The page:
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The Grievous Council
The Sardonyx Stone #3: Roland and Ganelon Speak, verses 11-16
“On an evening, pleasant and sun-streaked,
Charles had the ten mounts stabled.
In the spacious garden a tent was pitched
And in the tent the ten messengers lodged,
Twelve slaves attending them.
They would remain until daybreak.
The emperor was up before dawn
And heard the three nocturns of the liturgy.
Then the king sat his throne next to a pine;
He summoned his lords to council,
Wishing to be guided by his countrymen.”
Duke Ogier, Archbishop Turpin, Richard the Old, his nephew Henry, brave Count Acekin of Gascony, Tebald of Reims, his cousin Milon, and Gerer and Gerin attended, along with Count Roland and brave Oliver. In all there were more than a thousand Franks, including Genelon, who was there with treasonous intentions.
Thus began the council that came to grief.
Charles repeated to his lords the payment that King Marsile was prepared to make, contingent on the following conditions, “He demands that I return to France, that he will follow me to my home in Aix, where he will come to Christ. He says that he will become a Christian and my vassal, keeping his lands and owing me service. But I do not know his true intentions.”
The Frankish lords respond with suspicion, urging the king to be on his guard for treachery.
Count Roland rose to his feet and spoke against the pact, “Believe the Saracen King and you will know regret. We have been in Spain these seven long years. In your name I have taken Noples, Commibles, Valterne, Pineland, Balaguer, Tudela and Sezile. Recall when King Marsile sent fifteen messengers bearing each an olive branch and a similar proposal. Your lords counseled you then to negotiate. This treacherous Saracen king had our messengers' heads loped off on the slope beneath Haltile.”
Roland, alone among the Frankish lords, remained driven to conquer. His words to the war-weary king were passionate, “Continue the war. Take your troops to Saragossa; besiege it for the rest of your life if need be—avenge the victims of this treacherous foe.”
The emperor responded to this argument for war with a silent weariness, while the Franks remained quiet, not seconding or opposing Roland’s plan, for he was feared, and his ambition was equally feared.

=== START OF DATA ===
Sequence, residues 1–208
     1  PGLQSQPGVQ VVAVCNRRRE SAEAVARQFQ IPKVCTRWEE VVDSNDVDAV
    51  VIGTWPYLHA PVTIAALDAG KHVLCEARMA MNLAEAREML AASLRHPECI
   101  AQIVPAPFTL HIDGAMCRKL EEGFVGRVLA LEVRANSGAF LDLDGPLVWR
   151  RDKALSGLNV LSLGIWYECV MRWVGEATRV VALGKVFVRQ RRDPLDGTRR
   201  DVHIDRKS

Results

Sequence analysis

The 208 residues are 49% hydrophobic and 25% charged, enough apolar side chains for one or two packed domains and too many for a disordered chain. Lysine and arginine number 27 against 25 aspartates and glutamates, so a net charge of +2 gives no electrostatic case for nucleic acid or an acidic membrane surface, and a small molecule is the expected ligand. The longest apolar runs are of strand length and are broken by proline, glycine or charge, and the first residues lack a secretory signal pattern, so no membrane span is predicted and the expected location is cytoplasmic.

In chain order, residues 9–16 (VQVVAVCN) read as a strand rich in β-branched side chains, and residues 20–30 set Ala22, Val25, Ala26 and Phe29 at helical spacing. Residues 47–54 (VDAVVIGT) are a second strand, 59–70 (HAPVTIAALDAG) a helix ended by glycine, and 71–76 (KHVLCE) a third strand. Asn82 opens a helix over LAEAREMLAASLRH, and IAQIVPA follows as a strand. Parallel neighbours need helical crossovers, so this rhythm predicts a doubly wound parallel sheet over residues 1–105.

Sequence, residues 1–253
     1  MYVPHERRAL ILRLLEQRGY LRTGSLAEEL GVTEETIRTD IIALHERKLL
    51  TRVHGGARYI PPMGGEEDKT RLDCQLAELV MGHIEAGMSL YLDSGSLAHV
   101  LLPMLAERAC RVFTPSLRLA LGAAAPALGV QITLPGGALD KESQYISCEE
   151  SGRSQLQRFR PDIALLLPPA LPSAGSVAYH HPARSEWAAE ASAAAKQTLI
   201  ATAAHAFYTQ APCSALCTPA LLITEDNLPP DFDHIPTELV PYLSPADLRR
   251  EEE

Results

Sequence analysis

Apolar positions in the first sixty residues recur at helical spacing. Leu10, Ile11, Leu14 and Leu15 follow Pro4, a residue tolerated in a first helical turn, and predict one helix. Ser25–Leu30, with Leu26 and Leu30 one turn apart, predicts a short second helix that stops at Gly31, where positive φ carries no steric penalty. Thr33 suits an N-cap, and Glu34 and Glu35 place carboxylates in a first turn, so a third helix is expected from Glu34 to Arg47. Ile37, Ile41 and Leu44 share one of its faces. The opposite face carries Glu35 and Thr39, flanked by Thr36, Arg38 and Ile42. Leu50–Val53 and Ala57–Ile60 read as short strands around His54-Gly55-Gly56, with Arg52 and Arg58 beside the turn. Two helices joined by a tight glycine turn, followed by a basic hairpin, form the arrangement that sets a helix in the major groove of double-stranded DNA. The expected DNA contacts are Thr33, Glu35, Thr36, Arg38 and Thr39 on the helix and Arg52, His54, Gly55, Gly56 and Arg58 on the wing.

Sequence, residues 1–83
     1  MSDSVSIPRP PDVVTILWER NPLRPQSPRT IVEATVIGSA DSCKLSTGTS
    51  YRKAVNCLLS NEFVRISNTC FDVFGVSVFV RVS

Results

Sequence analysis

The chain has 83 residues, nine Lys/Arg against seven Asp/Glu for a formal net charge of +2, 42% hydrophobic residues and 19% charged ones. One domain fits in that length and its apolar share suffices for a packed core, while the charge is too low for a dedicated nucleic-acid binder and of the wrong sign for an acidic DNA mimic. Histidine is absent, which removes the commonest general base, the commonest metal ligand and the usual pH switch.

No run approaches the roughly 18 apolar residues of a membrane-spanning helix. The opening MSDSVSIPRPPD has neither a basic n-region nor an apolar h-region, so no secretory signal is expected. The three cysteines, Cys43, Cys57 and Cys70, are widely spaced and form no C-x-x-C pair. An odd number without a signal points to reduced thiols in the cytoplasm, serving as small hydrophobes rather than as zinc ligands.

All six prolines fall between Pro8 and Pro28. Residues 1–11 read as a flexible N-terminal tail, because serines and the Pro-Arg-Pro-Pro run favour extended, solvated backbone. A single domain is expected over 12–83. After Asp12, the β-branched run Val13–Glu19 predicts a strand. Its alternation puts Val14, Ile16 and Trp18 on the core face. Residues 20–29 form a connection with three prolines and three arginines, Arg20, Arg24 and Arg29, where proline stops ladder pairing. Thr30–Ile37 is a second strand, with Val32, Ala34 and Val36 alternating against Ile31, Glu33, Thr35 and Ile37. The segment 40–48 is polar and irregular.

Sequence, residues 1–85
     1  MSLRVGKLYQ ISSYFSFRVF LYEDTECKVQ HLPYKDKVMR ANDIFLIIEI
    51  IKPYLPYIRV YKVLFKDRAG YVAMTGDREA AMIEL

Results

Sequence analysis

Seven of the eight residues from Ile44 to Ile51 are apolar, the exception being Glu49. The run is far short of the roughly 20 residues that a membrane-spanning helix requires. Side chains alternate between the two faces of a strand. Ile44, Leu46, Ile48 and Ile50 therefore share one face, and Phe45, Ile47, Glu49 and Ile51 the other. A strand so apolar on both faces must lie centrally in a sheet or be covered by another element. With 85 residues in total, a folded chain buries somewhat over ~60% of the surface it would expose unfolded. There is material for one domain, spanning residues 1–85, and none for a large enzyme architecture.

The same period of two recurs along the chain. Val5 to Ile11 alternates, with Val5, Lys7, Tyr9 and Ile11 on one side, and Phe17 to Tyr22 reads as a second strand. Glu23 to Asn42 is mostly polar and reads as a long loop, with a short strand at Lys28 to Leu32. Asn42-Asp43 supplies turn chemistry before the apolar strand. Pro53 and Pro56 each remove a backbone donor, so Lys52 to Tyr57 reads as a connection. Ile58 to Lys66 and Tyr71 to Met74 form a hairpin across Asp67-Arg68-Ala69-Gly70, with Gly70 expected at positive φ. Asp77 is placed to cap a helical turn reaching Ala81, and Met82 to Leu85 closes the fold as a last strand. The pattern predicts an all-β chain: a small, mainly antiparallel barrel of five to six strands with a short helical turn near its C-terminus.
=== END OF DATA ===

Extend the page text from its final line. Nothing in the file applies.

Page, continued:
Ganelon stood and gave a fiery speech, “Trust foolish council and you shall regret it, whether it comes from my lips or another’s. Trust only to your advantage. King Marsile offers to hold all of Spain for you as a vassal, to receive Christ and come to the True Faith. He who counsels against the pact is heedless of doom, an arrogant man of war. Do not heed fearless fools, but rather wisdom.”
Naimes then came forward and seconded the council of Ganelon, “King Marsile is defeated, thoroughly by any measure. Now that he begs for your mercy it would be a sin to continue the war, and with his offer of hostages we would be wrong to continue.”
The Franks, weary of war, and reminded of its rules when waged among Christians, applaud the council of Ganelon.*
Charlemagne was in essence the first of the medieval crusader kings, in that his stated goal for his far-reaching military conquests was the conversion of pagans and Muslims to Christianity, and barring this, their slaughter and the appropriation of their lands. In essence, such rules of war—which, in an agrarian setting sought annual resolutions along lines sustainable by a simple farming and craft economy—were only applied to Christian versus Christian conflicts, with Pagans, heretics and Muslims treated without mercy.
By offering to convert to Christianity, Marsile appealed to the war-weariness of the Franks, who served as vassals without pay, and at the same time offered Charlemagne the gold necessary to pay off his mercenaries, who would be likewise grumbling about the extended and uncompensated nature of the war from beyond the circle of Frankish lords. In the face of these considerations, Roland came off as a warmonger, intent only on keeping his peers at war, a stage upon which he shined much more brightly than did they.
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